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1-A theology professor said, "Churches today grow usually by biological growth...or by transfer growth...In Acts, however, the growth was conversion growth, for the church was just behinning its work."

2-A theology professor said, "Churches today usually grow by biological growth...or by transfer growth...In Acts, however, the growth was conversion growth, for the church was just behinning its work."


As far as I know, adverb of frenguency, most of the time, is preceded by verb. For example, "I sometimes shoot questions in the air." You don't say, "I shoot sometimes questions in the air."

But I found in my example sentence 1 and 2, both word order are quite possible. The essence of the sentence still remains. I need your comment.

Thanks,
Pastel
Comments  
1-A theology professor said, "Churches today grow usually by biological growth...or by transfer growth...In Acts, however, the growth was conversion growth, for the church was just behinning its work."

2-A theology professor said, "Churches today usually grow by biological growth...or by transfer growth...In Acts, however, the growth was conversion growth, for the church was just behinning its work."

As far as I know, adverb of frenguency, most of the time, is preceded by verb. For example, "I sometimes shoot questions in the air." You don't say, "I shoot sometimes questions in the air."

But I found in my example sentence 1 and 2, both word order are quite possible. The essence of the sentence still remains. I need your comment.

JTT: I think virtually all ESLs that come here are familiar with the NORMAL NEUTRAL positioning of adverbs and I'm certain that you are, Pastel. But these little buggers are renowned for slip sliding into many positions.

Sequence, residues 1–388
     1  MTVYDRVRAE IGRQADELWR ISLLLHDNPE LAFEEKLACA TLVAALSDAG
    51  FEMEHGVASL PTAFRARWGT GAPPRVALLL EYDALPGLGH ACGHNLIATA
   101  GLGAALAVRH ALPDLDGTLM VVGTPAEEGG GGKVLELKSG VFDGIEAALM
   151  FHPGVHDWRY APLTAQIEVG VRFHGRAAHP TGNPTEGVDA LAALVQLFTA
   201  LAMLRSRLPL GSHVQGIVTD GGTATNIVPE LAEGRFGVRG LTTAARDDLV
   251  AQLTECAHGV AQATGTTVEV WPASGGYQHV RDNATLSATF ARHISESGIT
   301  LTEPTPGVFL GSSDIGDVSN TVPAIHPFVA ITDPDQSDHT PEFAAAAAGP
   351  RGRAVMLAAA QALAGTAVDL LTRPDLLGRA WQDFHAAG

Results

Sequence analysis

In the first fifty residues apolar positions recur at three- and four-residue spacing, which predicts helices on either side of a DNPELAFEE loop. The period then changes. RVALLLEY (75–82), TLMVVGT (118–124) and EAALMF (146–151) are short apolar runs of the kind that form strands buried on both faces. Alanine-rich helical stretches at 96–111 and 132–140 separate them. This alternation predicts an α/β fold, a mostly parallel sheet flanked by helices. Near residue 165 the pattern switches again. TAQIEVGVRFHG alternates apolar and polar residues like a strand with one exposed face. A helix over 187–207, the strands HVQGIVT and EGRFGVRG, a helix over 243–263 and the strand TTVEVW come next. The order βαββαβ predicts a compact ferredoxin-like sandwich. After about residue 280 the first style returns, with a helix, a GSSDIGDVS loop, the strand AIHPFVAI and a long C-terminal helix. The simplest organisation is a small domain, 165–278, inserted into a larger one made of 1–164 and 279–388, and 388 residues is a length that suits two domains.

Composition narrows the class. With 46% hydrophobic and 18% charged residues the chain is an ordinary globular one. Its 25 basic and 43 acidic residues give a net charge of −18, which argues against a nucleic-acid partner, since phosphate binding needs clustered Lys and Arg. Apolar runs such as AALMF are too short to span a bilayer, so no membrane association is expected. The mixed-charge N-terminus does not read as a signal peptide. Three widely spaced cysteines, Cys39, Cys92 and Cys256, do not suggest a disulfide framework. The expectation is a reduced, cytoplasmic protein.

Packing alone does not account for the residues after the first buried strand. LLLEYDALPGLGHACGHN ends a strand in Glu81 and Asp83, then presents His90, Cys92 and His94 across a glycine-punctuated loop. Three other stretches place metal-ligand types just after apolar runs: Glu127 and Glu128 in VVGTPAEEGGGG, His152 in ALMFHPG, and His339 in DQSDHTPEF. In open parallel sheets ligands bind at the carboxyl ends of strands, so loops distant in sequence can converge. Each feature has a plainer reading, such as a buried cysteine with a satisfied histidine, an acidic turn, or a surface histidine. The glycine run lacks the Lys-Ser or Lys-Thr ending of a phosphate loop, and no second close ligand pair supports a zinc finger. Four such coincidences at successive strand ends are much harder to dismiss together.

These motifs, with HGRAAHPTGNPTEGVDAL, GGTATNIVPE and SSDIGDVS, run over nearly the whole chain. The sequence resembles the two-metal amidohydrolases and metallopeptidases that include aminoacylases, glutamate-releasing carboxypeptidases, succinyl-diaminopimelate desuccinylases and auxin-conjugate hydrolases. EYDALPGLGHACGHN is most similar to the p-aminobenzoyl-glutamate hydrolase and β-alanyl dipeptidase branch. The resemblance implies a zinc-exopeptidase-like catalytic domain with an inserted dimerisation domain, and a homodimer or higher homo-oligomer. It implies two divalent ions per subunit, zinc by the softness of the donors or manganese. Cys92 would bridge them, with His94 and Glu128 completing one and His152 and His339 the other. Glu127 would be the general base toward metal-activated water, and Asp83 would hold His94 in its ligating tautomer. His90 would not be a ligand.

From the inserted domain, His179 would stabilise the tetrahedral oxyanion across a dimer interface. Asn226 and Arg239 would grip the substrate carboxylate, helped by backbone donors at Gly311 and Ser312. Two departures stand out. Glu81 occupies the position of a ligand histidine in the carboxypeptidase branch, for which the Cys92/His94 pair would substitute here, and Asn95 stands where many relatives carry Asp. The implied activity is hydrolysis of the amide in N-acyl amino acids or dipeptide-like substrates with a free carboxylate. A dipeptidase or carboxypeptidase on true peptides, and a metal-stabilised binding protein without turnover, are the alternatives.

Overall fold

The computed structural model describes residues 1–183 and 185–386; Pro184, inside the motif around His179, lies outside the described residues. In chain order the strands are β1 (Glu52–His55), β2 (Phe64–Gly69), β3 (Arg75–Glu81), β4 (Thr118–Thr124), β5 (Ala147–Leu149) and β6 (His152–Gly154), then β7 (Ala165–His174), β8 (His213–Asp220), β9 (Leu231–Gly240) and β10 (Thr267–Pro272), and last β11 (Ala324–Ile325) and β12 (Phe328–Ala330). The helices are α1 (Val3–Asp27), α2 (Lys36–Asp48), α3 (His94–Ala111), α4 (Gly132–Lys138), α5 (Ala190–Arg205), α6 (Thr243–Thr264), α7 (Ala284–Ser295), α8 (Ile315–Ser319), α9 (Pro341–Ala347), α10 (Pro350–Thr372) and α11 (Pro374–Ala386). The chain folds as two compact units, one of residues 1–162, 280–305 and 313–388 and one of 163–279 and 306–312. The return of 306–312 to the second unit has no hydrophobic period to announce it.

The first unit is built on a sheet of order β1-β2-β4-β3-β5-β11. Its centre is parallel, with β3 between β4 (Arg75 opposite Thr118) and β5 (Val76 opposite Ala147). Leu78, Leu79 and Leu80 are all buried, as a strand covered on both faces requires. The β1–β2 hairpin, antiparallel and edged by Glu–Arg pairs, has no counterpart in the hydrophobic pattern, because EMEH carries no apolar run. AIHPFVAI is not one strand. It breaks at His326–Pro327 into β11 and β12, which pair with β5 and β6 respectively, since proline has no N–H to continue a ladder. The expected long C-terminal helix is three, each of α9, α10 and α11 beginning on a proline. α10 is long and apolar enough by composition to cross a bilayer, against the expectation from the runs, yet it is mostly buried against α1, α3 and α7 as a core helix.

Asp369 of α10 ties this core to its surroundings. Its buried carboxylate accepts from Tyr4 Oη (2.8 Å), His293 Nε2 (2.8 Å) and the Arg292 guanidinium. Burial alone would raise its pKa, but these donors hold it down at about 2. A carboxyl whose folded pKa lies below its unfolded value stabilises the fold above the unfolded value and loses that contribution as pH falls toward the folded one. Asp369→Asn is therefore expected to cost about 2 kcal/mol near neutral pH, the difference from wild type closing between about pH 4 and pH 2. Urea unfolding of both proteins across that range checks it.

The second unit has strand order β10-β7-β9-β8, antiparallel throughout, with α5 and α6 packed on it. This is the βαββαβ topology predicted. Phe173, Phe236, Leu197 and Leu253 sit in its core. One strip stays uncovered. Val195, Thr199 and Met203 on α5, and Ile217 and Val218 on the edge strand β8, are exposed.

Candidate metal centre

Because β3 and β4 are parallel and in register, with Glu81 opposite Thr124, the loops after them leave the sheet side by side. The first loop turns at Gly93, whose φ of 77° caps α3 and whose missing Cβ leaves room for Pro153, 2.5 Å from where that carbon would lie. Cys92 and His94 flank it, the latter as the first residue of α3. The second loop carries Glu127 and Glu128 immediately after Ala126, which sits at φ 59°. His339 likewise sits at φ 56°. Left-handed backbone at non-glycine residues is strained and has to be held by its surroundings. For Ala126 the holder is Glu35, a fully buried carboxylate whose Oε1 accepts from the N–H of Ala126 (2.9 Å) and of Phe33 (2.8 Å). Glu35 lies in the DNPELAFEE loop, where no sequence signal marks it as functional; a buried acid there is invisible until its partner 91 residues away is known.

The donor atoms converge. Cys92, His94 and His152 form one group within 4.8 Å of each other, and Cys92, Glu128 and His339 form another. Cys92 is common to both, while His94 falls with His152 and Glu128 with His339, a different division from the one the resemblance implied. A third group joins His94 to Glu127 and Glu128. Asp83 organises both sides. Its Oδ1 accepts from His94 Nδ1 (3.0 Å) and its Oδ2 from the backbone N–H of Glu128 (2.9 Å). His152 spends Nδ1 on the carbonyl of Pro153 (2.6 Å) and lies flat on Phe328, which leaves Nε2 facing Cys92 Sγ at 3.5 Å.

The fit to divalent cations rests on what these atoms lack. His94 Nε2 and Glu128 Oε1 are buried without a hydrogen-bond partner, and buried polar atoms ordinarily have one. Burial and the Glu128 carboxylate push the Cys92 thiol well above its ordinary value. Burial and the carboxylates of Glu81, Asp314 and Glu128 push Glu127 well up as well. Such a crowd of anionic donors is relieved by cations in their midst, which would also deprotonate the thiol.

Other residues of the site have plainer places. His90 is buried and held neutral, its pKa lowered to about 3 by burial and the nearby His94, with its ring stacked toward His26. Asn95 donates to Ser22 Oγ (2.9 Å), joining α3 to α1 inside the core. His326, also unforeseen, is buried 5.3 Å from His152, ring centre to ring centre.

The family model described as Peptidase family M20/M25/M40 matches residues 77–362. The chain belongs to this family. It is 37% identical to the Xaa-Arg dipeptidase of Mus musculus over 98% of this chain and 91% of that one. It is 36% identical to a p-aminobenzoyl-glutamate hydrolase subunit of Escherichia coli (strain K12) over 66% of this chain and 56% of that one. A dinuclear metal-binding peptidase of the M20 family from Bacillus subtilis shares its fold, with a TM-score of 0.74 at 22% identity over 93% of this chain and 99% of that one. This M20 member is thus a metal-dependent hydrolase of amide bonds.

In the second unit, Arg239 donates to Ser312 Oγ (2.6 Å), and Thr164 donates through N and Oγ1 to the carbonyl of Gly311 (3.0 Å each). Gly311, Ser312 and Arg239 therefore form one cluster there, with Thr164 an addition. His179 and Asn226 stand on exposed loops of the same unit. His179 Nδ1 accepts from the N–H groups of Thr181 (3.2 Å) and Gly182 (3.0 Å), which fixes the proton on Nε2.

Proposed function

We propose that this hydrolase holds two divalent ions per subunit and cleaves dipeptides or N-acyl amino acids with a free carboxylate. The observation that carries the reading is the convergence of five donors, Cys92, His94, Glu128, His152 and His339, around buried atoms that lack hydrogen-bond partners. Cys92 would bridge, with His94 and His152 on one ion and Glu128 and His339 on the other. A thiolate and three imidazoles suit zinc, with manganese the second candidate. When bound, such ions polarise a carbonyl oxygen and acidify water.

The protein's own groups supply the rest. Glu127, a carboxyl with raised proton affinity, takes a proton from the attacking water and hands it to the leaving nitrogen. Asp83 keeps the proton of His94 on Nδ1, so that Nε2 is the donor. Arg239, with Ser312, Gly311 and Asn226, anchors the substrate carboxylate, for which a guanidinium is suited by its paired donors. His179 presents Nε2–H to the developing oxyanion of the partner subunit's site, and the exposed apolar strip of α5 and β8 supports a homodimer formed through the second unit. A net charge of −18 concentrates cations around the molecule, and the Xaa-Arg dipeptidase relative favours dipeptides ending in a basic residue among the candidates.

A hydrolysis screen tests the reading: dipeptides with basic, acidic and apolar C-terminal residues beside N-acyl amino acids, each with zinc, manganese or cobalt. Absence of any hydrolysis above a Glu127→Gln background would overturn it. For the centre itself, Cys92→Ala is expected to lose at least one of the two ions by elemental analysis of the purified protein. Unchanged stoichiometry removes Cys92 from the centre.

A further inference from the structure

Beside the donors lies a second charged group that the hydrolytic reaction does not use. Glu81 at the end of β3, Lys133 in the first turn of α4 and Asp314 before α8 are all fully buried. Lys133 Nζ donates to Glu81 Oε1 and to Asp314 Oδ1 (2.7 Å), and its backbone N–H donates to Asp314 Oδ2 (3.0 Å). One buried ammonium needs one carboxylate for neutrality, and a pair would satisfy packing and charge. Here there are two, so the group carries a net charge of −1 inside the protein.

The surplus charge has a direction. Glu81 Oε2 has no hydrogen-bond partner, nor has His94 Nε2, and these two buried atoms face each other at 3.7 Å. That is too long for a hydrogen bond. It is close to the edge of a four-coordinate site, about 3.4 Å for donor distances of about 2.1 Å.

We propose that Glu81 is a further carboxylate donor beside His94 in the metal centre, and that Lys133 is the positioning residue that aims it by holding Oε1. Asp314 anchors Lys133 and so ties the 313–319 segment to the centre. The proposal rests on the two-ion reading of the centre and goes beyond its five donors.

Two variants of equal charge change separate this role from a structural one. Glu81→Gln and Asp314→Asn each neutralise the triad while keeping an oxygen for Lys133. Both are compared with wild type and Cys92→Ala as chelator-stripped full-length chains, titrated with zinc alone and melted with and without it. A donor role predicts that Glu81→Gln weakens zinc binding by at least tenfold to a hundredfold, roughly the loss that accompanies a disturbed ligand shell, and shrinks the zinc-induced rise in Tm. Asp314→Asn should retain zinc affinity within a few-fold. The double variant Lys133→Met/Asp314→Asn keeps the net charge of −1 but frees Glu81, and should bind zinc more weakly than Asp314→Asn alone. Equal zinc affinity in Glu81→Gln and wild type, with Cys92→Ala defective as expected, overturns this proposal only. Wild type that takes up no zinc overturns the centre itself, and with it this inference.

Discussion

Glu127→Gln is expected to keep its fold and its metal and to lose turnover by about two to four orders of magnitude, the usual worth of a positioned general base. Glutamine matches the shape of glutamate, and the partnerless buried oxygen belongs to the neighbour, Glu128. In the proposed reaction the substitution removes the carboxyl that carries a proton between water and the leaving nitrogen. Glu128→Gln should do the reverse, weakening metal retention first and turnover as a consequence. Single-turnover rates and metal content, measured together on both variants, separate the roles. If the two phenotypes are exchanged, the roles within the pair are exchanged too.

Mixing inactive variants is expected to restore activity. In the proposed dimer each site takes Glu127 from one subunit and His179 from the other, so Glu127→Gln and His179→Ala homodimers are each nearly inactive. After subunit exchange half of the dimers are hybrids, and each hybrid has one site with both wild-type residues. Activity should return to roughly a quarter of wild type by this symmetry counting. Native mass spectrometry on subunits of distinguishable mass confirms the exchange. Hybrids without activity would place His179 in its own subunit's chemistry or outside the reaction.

This may seem strange in a language, English, that is also renowned for its strict word order requirements. Let's just call these guys the black sheep of the family.Emotion: smile

a) "I shoot sometimes questions into [in] the air."

b) "(2) I (1) shoot sometimes questions in the air (3)."

ENLs definitely don't NORMALLY say it, as in a). The ranking for what's most common could probably be shown as in sentence b). But, even the position in a) is possible. It shows an afterthought, a qualification that the speaker feels, needs to be added.

It would probably "look" {= sound like} this in speech;

"I shoot, ... SOMETIMES, questions into the air."

So too, with 1.

1-A theology professor said, "Churches today grow, ... USUALLY, by biological growth...or by transfer growth...In Acts, however, the growth was conversion growth, for the church was just behinning its work."
It shows an afterthought, a qualification that the speaker feels, needs to be added.


Thank you, it's clear as crystal now.

What lovely black sheep of the family.

Pastel
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I would add 'emphasis' to the list of reasons for moving an adverb of frequency; which you might denote thus:

1. 'Churches today grow – usually – by biological growth...'

The intonation in the case of 'emphasis' differs from the intonation in the case of 'afterthought'.

Some writers will also place an adverb in an unusual position for purely stylistic reasons. For instance, in this example, the stress pattern at the beginning of the sentence (— u u — — u u —) is a little too sing-song, and makes an ugly chime between 'grow' and 'growth':